Later I got the idea that I could try to cut the bottom of a pocket or two to be able to insert a cover behind several pockets. It worked, but of course it was not perfect. It does not look very professional, but it is good enough for me for presenting a traveled cover with each stamp set. Now the album became more interesting to look at.
Click on picture below to view a larger image of an album page with a cover inserted behind two pockets:
The back sides of the divider sheets were at first blank. Something was missing, so I tried to print a description of each set there, using texts from books and Internet, and it looked better. Sometimes it was impossible to find a good description on Internet, and since I already had quite many of the Ethiopian post office presentation pamphlets/folders that came with the first day covers I started to use these texts instead. The albums look good now, but it was only after I started to illustrate the sets that the pages became interesting. I printed pictures from our family photo albums and from Internet, and the result was really nice – it looked so good that I decided to do this for all Ethiopian stamps.
I showed my albums to some friends, and they said that I should publish them as books to earn some money for all the long hours I have spent creating them. It would of course be nice to have some extra income, but I doubted that many people would buy these books. So I decided to just make them available on the Internet for everyone to enjoy.
I have experimented quite a lot with presentation quality, but decided that plain scans from my albums was good enough – even if the pockets are visible across the covers. To scan the covers separately and manipulate the stamp pages and the covers in Photoshop would take very long time. – Good enough is good enough.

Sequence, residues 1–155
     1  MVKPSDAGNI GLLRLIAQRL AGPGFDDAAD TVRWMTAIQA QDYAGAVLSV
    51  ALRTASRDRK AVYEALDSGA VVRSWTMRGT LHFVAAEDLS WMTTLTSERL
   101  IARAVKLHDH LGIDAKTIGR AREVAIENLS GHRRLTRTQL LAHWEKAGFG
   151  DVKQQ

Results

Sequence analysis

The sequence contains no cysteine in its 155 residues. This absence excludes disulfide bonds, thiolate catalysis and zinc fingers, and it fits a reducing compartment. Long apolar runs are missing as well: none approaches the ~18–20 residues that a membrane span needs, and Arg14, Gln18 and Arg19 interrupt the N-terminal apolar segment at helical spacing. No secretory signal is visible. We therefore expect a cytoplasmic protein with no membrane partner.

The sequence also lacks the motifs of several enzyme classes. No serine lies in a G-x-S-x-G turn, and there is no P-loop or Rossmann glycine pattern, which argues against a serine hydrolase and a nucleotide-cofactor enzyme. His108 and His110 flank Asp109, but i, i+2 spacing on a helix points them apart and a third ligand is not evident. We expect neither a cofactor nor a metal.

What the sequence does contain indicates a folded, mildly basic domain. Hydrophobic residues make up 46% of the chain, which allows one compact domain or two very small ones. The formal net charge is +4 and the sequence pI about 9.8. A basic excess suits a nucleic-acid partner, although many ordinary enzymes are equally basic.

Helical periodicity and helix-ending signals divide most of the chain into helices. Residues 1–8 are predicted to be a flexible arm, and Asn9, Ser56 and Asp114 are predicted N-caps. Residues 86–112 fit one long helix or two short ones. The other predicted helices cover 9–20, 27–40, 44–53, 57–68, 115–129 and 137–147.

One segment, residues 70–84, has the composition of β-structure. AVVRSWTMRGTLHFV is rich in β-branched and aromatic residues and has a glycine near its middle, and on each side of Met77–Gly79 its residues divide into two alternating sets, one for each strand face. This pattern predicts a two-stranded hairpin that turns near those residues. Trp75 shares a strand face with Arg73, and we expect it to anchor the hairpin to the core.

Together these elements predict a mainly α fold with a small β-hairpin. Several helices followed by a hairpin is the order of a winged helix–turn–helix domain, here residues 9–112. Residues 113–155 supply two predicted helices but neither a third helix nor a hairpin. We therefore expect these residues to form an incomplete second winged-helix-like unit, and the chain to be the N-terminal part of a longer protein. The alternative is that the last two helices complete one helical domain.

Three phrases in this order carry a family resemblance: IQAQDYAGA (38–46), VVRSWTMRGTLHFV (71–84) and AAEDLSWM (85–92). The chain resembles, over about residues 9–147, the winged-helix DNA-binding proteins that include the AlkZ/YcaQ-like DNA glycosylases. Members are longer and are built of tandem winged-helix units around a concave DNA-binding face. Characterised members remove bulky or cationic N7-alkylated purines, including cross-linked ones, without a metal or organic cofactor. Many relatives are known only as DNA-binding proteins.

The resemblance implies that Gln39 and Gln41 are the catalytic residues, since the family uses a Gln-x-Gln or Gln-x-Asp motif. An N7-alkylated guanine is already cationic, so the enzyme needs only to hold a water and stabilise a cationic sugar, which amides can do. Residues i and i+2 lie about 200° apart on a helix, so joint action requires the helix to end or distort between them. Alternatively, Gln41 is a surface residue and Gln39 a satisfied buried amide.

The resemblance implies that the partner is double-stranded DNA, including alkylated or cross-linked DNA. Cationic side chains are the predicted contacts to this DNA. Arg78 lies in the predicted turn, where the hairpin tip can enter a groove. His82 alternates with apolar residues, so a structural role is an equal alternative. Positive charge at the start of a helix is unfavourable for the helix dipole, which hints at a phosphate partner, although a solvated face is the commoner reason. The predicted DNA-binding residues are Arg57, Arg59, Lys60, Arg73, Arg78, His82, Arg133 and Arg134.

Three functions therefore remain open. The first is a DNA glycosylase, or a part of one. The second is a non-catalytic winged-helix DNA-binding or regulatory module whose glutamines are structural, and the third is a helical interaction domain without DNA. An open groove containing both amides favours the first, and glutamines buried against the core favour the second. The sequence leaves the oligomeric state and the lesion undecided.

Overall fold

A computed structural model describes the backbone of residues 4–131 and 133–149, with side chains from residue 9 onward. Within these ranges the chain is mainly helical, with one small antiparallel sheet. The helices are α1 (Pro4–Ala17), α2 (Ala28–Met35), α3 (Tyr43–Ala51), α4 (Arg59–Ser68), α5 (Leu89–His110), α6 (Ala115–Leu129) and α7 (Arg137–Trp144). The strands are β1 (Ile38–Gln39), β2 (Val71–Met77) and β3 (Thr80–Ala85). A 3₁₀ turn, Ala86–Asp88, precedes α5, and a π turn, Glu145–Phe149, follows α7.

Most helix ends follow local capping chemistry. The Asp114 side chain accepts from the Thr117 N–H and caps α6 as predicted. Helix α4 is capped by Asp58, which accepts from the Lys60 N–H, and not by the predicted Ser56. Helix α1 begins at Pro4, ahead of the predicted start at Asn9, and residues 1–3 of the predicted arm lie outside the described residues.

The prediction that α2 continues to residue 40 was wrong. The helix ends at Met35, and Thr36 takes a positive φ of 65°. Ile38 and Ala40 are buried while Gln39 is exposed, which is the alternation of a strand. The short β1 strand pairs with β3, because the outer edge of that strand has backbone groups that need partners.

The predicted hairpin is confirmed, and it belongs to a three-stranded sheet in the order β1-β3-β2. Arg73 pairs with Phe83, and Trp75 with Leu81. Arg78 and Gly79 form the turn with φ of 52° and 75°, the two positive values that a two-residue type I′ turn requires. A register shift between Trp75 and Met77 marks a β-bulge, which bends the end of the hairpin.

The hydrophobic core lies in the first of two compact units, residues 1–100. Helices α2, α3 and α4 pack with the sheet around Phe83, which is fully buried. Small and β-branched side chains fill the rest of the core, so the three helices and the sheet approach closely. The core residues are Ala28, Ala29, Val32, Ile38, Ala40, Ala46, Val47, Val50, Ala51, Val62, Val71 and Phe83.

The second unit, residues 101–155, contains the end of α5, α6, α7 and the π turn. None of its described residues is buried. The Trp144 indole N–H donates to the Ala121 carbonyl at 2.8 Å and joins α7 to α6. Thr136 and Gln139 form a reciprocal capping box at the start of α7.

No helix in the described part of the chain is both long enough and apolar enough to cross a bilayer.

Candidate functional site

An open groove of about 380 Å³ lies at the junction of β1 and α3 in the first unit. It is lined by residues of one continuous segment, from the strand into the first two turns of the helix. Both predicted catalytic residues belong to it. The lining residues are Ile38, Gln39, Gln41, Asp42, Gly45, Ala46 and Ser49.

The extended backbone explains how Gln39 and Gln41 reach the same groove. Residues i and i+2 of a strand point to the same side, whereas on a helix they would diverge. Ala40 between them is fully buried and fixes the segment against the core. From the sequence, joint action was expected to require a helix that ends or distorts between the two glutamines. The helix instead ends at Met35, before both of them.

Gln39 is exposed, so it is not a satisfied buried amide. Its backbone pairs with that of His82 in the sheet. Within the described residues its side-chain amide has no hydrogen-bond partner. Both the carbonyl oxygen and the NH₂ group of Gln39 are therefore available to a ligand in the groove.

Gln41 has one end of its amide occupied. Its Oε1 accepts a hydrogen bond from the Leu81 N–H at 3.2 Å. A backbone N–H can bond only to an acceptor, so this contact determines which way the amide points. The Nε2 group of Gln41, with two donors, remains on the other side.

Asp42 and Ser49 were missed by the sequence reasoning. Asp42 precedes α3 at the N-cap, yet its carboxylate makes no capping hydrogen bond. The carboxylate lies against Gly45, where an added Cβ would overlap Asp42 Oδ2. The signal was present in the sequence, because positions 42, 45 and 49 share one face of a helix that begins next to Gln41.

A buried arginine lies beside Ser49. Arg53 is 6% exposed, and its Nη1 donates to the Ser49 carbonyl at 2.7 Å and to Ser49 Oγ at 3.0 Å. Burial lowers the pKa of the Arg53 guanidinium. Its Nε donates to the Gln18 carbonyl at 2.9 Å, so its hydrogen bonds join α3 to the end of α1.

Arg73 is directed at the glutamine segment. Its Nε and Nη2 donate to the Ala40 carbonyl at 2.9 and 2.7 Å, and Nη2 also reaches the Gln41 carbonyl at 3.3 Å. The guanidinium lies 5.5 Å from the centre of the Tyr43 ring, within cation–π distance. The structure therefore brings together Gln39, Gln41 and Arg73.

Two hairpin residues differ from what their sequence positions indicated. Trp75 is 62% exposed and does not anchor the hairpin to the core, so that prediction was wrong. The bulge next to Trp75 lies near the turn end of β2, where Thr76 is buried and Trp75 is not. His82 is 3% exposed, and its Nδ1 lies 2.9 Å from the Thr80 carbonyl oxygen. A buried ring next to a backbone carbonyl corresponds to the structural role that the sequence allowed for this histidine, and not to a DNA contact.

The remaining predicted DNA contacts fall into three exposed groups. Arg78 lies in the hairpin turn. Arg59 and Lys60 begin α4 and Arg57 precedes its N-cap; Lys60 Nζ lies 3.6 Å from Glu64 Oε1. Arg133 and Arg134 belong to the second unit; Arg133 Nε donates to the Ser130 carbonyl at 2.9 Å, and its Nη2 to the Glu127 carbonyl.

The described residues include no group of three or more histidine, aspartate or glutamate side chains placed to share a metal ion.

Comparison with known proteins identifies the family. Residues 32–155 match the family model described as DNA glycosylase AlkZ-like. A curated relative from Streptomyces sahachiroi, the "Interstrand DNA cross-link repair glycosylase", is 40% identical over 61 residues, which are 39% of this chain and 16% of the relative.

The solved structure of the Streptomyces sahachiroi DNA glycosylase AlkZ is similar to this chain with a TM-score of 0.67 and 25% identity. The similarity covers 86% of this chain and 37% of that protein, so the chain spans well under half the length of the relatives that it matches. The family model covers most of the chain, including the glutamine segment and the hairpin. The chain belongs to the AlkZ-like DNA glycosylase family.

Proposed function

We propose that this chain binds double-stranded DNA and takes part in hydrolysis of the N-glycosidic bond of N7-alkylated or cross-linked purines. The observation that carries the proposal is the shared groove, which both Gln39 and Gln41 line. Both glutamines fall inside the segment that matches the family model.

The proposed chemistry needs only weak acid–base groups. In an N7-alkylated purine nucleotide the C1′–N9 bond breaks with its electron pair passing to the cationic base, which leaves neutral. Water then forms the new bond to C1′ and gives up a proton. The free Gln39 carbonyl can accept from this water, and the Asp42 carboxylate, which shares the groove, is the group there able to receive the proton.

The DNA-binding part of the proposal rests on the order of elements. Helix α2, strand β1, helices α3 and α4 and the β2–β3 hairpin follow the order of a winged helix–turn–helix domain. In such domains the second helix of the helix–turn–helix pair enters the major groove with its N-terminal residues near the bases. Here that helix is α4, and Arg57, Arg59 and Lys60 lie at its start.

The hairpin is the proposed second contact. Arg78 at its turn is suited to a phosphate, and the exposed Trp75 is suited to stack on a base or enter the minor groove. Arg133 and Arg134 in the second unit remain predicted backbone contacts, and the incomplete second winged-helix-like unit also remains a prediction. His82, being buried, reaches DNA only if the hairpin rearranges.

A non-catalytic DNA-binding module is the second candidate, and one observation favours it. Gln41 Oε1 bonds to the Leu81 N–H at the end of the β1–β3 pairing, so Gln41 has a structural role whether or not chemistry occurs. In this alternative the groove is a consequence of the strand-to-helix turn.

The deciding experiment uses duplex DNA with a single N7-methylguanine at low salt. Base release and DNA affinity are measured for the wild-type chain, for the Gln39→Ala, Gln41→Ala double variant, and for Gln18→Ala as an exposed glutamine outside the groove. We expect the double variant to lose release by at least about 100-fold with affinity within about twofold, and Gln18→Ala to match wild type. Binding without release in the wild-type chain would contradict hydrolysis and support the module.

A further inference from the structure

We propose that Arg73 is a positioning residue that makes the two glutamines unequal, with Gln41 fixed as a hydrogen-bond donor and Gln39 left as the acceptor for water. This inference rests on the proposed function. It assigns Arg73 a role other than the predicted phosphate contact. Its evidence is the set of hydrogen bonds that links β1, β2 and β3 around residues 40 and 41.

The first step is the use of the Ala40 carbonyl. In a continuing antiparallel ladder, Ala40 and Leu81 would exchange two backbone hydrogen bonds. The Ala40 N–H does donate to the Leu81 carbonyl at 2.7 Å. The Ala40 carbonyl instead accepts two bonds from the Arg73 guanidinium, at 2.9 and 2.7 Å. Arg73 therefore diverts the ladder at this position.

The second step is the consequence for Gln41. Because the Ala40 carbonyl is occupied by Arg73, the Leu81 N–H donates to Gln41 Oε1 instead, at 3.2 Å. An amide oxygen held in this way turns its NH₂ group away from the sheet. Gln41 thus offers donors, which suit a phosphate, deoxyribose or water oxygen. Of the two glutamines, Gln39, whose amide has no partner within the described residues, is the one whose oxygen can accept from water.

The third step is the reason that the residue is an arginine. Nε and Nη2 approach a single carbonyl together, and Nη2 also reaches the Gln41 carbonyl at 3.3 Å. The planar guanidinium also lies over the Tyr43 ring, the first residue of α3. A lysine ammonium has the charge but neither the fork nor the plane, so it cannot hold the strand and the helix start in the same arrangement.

My albums are not complete, but it is possible to buy the covers that are missing – even if some can be very expensive and difficult to find – which means that it may take years to fill the remaining ‘black holes’ in my albums. One problem is that I cannot use long or large covers as these are too big for my albums.
I created pdf-files that can be displayed in 2-page view, making the albums look real. After checking around I found that Issuu.com had the solution I needed for presentation on Internet, and converted several test albums. I had hoped to find an easy solution for displaying the back sides of the covers by clicking on the images to “turn them”, since many have nice transit postmarks and labels, but that requires advanced programming. As an alternative solution I have scanned both sides of all the covers and added links in the index for each album. This works well, but perhaps I will find a better functionality later. In 2017 I replaced the Issuu-type viwer with a FLIPHTML5 viewer which has better functionality.
In addition to my albums with all the Ethiopian stamp sets I will also include my specialty albums with revenue stamps, the 1942-43 stamp sets with all overprints and varieties, and the Italian Occupation period with all Italian colony stamp sets postmarked within Ethiopia to show that they were actually used in the country. Until I have had time to create these albums complete with texts and illustrations I have simply added scans of the unfinished albums so you can see what I have.